1. Enable Performance Optimization: It is clear that without sufficient overall network performance, the benefits of cloud storage are compromised. Even with the compelling ROI associated with cloud storage, organizations will likely hold off on adoption if there is concern that it might reduce productivity due to unacceptable response times while accessing files, applications or virtual desktops. When evaluating cloud storage gateway solutions, it is critical that the solution include inline network and storage deduplication, both of which are needed to minimize cost and maximize performance for faster backup and recovery. By reducing the amount of storage required to store backup workloads in the public cloud, you can improve overall DR capabilities while also significantly reducing the impact on the network and cloud storage costs.

2. Reduce Risk with End-to-End Security: Make encryption-for both transmission and storage-a requirement. By having these levels of encryption, you help ensure that any data moved into cloud storage is not compromised - creating end-to-end security.

3. Eliminate Vendor Lock-in: Check that the solution can support a broad range of cloud storage and backup software solutions so you can confidently move to your cloud storage provider of choice without changing your existing backup software, job schedules or processes. Having support for more cloud storage providers in more regions delivers the flexibility to choose the cloud storage provider that best meets specific requirements for DR, data storage location, SLA and cost, while allowing the switch to new providers as IT needs change.

As public cloud storage continues to gain traction and mature, it has the ability to address the major flaws found in data protection solutions built around tape and customer-owned disk. Data protection and archiving projects are among the most popular workloads today for using the public cloud. With existing cloud storage gateway offerings, significant and immediate costs savings are achievable. Moving forward, cloud storage gateway solutions will be a key enabling technology that will allow organizations to become more agile, reduce costs and improve DR capability by leveraging the full potential and power of public cloud storage.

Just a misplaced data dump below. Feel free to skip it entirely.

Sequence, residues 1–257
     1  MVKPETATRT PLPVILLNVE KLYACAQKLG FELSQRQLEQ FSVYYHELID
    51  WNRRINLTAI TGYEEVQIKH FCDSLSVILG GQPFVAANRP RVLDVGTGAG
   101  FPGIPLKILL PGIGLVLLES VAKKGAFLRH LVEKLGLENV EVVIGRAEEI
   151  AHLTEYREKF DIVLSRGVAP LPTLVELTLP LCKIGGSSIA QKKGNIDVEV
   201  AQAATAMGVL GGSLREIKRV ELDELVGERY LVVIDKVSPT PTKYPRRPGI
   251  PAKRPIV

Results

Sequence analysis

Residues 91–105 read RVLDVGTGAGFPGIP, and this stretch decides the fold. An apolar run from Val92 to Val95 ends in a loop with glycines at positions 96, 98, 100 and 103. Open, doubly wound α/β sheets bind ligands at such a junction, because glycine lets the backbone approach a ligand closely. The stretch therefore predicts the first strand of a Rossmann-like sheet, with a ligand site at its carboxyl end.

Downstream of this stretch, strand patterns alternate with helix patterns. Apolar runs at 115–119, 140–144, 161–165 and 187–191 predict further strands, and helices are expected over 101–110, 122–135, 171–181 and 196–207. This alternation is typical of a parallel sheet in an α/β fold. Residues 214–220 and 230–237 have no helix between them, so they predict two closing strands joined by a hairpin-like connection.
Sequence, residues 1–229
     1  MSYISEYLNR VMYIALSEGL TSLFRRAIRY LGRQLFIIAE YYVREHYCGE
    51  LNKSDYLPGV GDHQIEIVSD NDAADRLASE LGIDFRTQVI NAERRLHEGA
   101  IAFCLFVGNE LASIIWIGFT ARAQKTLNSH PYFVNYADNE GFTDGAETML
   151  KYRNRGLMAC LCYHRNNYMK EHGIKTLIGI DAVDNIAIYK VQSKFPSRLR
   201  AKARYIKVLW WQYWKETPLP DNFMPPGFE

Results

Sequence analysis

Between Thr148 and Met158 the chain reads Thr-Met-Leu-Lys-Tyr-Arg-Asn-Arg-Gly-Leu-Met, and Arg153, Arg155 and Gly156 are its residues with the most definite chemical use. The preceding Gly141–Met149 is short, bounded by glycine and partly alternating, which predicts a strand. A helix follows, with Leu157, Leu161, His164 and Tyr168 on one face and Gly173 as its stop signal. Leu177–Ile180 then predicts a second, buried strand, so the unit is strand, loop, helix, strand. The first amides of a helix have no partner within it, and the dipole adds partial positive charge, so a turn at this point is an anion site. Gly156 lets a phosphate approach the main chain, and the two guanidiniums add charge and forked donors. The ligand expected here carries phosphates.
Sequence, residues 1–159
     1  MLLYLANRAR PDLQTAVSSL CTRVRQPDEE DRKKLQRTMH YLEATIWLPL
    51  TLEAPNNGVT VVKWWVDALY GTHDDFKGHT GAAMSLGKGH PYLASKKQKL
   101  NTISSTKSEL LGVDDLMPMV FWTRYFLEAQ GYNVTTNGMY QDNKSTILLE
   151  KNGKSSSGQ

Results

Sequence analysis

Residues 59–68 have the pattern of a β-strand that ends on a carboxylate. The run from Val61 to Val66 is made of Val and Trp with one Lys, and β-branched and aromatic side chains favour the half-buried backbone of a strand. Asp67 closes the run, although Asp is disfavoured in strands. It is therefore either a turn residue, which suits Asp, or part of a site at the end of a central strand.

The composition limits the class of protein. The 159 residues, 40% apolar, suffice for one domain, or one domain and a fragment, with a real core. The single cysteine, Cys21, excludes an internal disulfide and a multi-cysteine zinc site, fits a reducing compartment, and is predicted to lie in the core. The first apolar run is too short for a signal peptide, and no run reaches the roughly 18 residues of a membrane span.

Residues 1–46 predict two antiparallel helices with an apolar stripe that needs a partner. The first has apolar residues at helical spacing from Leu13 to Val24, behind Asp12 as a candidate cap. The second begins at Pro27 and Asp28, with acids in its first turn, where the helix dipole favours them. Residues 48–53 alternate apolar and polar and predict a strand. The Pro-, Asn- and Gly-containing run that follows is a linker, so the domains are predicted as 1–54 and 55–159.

Add Comment      Leave a comment on this blog post
Jun 29, 2011 9:06 AM Mark harrison Mark harrison  says:
A very interesting, and perceptive article, we recently switched to an on-premise Cloud Gateway appliance from SMEStorage. This enables us to make our local files available on iPad and Android phones and gives us a Cloud Drive on our Windows and Linux desktops. We automate encrypted backups to Amazon S3 as this is cheap and effective and enables us to feel secure that we have a copy of premise. It's not perfect but it is getting there and support is good which I would outline as a pre-requsisite for these products. Make sure you have a support team you can rely on as it is crucial in the early stages of adoption. Reply
Jun 29, 2011 11:06 AM Nadya Nadya  says:
There is a new way to backup data to cloud storage powered by Amazon S3. Check out CloudBerry Backup It is onetime fee and the rest what you pay for Amazon S3. Besides, there is no proprietary data format and you can access your data using other Amazon s3 tools. It supports all AWS regions, Reduced Redundancy Storage and access to cloud storage using the virtual drive. Reply
Jul 8, 2011 5:45 PM E. Thacker E. Thacker  says: in response to Mark harrison
Mark, Glad you liked the article. Totally agree support is very important from a gateway provider. One thing Riverbed has learned while growing to over 13,000 customers is that the easier it is for customers to achieve the benefits of our technology, the better. So we really focus on making our solutions robust, easy to use, and very cost-effective then ensuring that customer deployments go as smoothly as possible. Gateways are a new technology and selecting a solution from a vendor that's there for you for the long haul reduces your risks substantially. Eric Reply